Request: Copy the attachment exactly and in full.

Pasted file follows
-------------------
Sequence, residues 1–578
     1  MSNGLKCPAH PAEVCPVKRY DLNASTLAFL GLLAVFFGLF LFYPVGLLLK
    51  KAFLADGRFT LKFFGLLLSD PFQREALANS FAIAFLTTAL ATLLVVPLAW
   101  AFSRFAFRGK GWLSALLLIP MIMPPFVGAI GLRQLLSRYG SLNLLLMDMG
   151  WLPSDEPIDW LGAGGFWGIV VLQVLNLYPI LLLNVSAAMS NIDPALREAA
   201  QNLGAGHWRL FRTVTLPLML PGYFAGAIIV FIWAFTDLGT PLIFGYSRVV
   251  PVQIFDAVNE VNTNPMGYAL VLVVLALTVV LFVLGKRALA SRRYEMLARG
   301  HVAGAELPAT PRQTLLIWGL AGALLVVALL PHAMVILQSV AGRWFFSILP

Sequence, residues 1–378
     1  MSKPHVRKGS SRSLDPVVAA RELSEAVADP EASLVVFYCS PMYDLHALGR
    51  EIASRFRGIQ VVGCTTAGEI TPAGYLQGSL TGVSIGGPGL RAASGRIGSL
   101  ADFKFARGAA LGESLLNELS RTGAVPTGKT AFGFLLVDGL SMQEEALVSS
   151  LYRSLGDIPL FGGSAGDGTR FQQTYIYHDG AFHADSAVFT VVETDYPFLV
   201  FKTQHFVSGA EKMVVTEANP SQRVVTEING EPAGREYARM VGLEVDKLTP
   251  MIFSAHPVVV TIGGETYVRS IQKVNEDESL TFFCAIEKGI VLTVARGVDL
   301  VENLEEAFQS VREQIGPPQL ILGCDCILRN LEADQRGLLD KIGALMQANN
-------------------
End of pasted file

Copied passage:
Sequence, residues 1–578
     1  MSNGLKCPAH PAEVCPVKRY DLNASTLAFL GLLAVFFGLF LFYPVGLLLK
    51  KAFLADGRFT LKFFGLLLSD PFQREALANS FAIAFLTTAL ATLLVVPLAW
   101  AFSRFAFRGK GWLSALLLIP MIMPPFVGAI GLRQLLSRYG SLNLLLMDMG
   151  WLPSDEPIDW LGAGGFWGIV VLQVLNLYPI LLLNVSAAMS NIDPALREAA
   201  QNLGAGHWRL FRTVTLPLML PGYFAGAIIV FIWAFTDLGT PLIFGYSRVV
   251  PVQIFDAVNE VNTNPMGYAL VLVVLALTVV LFVLGKRALA SRRYEMLARG
   301  HVAGAELPAT PRQTLLIWGL AGALLVVALL PHAMVILQSV AGRWFFSILP

Sequence, residues 1–378
     1  MSKPHVRKGS SRSLDPVVAA RELSEAVADP EASLVVFYCS PMYDLHALGR
    51  EIASRFRGIQ VVGCTTAGEI TPAGYLQGSL TGVSIGGPGL RAASGRIGSL
   101  ADFKFARGAA LGESLLNELS RTGAVPTGKT AFGFLLVDGL SMQEEALVSS
   151  LYRSLGDIPL FGGSAGDGTR FQQTYIYHDG AFHADSAVFT VVETDYPFLV
   201  FKTQHFVSGA EKMVVTEANP SQRVVTEING EPAGREYARM VGLEVDKLTP
   251  MIFSAHPVVV TIGGETYVRS IQKVNEDESL TFFCAIEKGI VLTVARGVDL
   301  VENLEEAFQS VREQIGPPQL ILGCDCILRN LEADQRGLLD KIGALMQANN